What is a raptor?
A raptor is another word for a bird of prey. Birds of prey are characterized by the following traits:
They are carnivores.
They hunt using their feet, and specifically their talons to grab their prey.
They have a curved or hooked beak for tearing food.
They are apex predators at the top of the food chain and necessary to maintain a healthy population of their prey species.
What is an example of a raptor?
A hawk, falcon, eagle, or owl.
What about vultures? Are they considered raptors?
The definition of a raptor as a predator would seem to exclude vultures from being categorized as a raptor. Vultures feed on carrion (dead animals) primarily which would classify them as scavengers. They have however been classifield as a raptor by scientists in the not so distant past.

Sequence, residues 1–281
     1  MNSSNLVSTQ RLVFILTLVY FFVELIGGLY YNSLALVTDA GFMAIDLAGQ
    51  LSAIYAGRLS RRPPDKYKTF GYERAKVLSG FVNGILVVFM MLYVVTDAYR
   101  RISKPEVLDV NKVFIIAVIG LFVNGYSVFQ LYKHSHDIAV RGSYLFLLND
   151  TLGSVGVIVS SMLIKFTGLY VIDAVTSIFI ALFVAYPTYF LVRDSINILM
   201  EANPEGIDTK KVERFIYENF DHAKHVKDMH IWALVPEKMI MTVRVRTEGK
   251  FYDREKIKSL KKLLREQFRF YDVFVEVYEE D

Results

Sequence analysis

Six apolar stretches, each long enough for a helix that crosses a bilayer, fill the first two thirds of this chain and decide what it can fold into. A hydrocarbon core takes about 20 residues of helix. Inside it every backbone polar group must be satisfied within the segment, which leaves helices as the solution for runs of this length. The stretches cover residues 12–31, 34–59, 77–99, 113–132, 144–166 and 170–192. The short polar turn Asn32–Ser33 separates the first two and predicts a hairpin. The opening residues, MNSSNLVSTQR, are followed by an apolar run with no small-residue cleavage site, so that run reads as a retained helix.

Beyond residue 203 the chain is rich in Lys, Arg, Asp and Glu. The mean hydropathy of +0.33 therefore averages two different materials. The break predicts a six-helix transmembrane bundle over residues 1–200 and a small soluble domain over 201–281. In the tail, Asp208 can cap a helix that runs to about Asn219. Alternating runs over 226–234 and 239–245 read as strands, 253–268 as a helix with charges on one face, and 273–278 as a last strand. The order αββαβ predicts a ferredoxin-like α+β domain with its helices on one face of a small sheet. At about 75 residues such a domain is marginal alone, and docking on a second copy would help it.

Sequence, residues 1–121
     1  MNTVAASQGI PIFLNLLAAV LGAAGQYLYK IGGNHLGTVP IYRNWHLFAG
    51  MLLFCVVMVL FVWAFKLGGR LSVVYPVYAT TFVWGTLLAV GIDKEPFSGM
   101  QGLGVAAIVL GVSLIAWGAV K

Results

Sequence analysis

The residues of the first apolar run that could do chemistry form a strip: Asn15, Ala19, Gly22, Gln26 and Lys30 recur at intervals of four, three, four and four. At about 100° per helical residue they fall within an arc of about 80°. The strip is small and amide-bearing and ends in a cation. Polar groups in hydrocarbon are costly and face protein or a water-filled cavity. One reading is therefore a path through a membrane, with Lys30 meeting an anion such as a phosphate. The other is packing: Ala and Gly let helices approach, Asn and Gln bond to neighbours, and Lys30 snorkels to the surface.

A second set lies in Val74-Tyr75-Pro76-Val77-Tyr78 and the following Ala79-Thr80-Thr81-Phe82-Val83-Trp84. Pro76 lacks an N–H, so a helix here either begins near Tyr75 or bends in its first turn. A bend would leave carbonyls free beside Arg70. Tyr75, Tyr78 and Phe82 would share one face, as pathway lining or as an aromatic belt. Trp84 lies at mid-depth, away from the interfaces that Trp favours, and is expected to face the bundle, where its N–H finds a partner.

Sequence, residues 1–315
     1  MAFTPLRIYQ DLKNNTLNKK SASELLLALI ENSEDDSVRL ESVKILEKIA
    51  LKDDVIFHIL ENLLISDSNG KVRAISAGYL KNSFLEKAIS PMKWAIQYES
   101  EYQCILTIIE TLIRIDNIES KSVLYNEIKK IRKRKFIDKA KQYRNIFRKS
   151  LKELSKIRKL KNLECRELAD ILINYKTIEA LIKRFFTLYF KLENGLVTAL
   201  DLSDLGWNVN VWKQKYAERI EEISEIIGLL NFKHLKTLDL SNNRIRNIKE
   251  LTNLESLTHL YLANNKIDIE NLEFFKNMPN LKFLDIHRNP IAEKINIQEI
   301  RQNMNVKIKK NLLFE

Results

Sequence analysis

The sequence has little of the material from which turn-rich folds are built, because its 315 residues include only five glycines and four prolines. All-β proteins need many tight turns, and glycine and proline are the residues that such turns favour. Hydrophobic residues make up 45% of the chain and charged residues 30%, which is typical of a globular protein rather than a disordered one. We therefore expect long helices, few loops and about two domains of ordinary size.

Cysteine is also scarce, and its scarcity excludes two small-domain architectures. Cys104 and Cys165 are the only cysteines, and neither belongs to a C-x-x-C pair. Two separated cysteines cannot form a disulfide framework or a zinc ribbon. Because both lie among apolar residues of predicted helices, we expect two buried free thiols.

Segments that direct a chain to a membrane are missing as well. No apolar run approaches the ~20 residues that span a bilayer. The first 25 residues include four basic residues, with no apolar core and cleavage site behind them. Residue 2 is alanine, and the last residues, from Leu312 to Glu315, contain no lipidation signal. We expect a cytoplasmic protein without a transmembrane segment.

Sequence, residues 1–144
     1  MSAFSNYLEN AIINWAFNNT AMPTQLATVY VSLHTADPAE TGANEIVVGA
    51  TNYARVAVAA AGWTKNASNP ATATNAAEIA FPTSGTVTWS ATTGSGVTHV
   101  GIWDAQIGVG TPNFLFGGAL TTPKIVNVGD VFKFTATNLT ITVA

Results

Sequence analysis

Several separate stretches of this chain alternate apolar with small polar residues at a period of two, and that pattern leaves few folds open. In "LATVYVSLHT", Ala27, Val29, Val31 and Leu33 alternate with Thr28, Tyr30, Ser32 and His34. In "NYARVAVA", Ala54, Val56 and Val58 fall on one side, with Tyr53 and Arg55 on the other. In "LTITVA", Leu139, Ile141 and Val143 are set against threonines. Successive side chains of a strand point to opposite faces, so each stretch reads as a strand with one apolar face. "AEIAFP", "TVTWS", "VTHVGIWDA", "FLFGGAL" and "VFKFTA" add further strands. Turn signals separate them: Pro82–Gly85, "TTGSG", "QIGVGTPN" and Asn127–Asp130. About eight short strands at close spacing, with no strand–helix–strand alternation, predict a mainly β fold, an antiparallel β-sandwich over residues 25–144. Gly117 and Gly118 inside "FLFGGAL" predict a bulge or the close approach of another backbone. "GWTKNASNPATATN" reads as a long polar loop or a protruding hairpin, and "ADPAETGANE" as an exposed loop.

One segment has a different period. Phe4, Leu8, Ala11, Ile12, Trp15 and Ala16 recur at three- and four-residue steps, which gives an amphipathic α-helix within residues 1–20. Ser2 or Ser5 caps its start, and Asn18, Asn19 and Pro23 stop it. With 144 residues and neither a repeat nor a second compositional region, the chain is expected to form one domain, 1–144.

Do raptors make good pets?
No, birds of prey are wild animals and even when bred in a captive environment still essentially retain their wild nature. In addition, because they are predators, they must eat whole animals. Even if you feel up to the challenge, you must possess a permit as a falconer or a wildlife educator to keep a bird of prey as they are protected by U.S. and international law. To read about the Migratory Bird Treaty Act, click here
Why are raptors important to the environment?
They are at the top of the food chain, also called apex predators. They feed on other animals that typically breed in large numbers such as rodents, birds and even insects. Raptors are found all over the world with the exception of Antarctica. Without some regulation of these numbers, these animals will reproduce unchecked and cause an imbalance in the environment resulting in starvation and destruction of food sources. Imagine if mice had no predators!